Your writing assumes that the "creation of wealth" is something other than a fabrication (hard to argue money isn't a fabrication... we don't build houses with it) by the "wealthy". Further, 'wealth' only seems to disenfranchise the non-wealthy. Consider the case of the next Einstein born in Ethiopia rather than the industrialized world... what are the chances he'd go to school and get the education he needed to leverage his genetic predisposition to intelligence? Or perhaps you'd argue he wasn't genetically predisposed to intelligence? Don't think you can make that argument if you don't believe in equality @ birth (not that you should, i tend to agree with you that each individual is slightly more or less innately capable than those around him at birth).

My point though, is that your argument is circular; keep the same wealth-systems in place that have created a global economy, even though these systems seem to cause so much inequality and bring suffering to undeveloped places... in order to eliminate suffering faster (see my other response about colonialism here: It just doesn't hold water for me. Maybe I'm missing something.

Just because a person chooses to chase wealth and not long lives, doesn't mean that all the disenfranchised poor people in the world are incapable of developing life-extending therapies on their own. Rather, they are unable to participate in these new tech-economies because they are disadvantaged by wealth-distribution schemes that have been held in place by the very same view I've quoted above; that wealth-creation is the fundamental goal, that it's an equalizer, and that it is non-zero-sum. The true reward for success is exclusively: living longer. It is not: living richer. We should be careful not to confuse the two, or we're likely to end up with the same sort of problems Mark Shwartz has articulated in the paper you've tried to debunk.

All the better that these new technologies would be kept from greedy corporate interests by imparting as much of the understanding we gain into the 'socialist' licensing of open-source. Much like the creative commons license you use, which seems ironic to me.

Here's a very good read related to that irony. Having read a fair bit of your writing today, I suspect it will be of interest to you and may inform your future writing:

p.s. your claim that the wealthy in the 50's lived worse than the poor today is absolutely wrong. The poor today live even worse than the wealthy in the 1500's. Perhaps they have some degree of access to medical technology, or televisions, or clothing... but really how could you even begin to argue that living in the street today is better than having a house to live in with a full refrigerator 60 years ago? That's simply untrue.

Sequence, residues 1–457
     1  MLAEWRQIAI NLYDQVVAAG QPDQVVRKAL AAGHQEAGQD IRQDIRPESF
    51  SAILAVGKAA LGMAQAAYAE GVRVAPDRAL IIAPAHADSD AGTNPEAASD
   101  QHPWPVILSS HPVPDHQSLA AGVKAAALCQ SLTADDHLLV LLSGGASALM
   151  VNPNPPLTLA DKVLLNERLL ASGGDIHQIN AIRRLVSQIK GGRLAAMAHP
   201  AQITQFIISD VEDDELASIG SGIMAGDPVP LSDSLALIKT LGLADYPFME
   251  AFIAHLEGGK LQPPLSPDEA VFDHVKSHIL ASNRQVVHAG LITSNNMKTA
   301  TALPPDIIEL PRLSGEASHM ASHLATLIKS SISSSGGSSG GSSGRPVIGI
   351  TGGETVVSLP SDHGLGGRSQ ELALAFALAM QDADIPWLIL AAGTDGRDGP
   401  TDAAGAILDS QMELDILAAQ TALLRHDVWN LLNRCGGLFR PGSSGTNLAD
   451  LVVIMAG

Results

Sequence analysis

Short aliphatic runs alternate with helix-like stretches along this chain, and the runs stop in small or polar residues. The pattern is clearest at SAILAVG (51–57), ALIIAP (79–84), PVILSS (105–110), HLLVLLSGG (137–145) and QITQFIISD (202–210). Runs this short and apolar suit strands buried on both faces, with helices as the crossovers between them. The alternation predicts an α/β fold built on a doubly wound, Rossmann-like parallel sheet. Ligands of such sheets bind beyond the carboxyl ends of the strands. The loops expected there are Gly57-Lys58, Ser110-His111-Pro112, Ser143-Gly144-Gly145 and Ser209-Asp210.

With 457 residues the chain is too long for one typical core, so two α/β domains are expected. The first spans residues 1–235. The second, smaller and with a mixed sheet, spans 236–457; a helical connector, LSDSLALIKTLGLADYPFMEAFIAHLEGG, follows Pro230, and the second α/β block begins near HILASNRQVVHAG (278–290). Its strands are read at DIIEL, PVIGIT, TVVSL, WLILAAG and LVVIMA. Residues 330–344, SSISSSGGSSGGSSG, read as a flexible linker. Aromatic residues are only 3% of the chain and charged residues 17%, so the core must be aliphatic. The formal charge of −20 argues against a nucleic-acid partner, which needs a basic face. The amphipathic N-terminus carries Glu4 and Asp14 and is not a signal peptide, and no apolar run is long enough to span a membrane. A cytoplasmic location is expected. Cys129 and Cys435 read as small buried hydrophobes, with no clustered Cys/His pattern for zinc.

p.p.s. wealth creation is only non-zero if you take an exclusively long-term view. If you consider short-term only, then you can argue that it's a zero-sum because currency is static until more value is added to the system (in the form of an IPO or money dumped into the system by the FED). In this context though, you could try to make the point that it's non-zero... but you'd have to argue benefits of wealth creation against the non-zero benefits of poverty elimination, which I don't think you'd want to try ;)

Posted by: David V. at March 18th, 2010 4:19 PM

from zero go to .... go with goverment leadership around the world .... idustrial home made tohelp ... weather for every ... day

Posted by: pieterlumbanraja at May 8th, 2010 3:29 AM

Why does he talk about free market? Medicine is expensive because it is NOT a free market at all! Current pharmaceutical law (namely, patent law) is the opposite of free market, it's based on state-granted monopolies for every drug!

Posted by: Antonio at January 21st, 2015 11:17 AM

Making this issue political (and in a manner that comes across as both elitist and condescending) like you did here is just about the worst way possible to get people to agree with you. That inequality will likely rise as a consequence of life extension technologies reaching fruition is a very real and legitimate concern that must be acknowledged rather than callously dismissed.

The best answer to give to this concern is to point out that firstly it's not a zero sum game, as you said, but far more importantly that in terms of the pure material cost of production, there's every reason to think these therapies would be at least as affordable as modern medicine, which I'll grant you is already problematically expensive, but it's not going to make the problem of inequality worse in the short term.

Posted by: Dylan Mah at July 16th, 2018 6:12 PM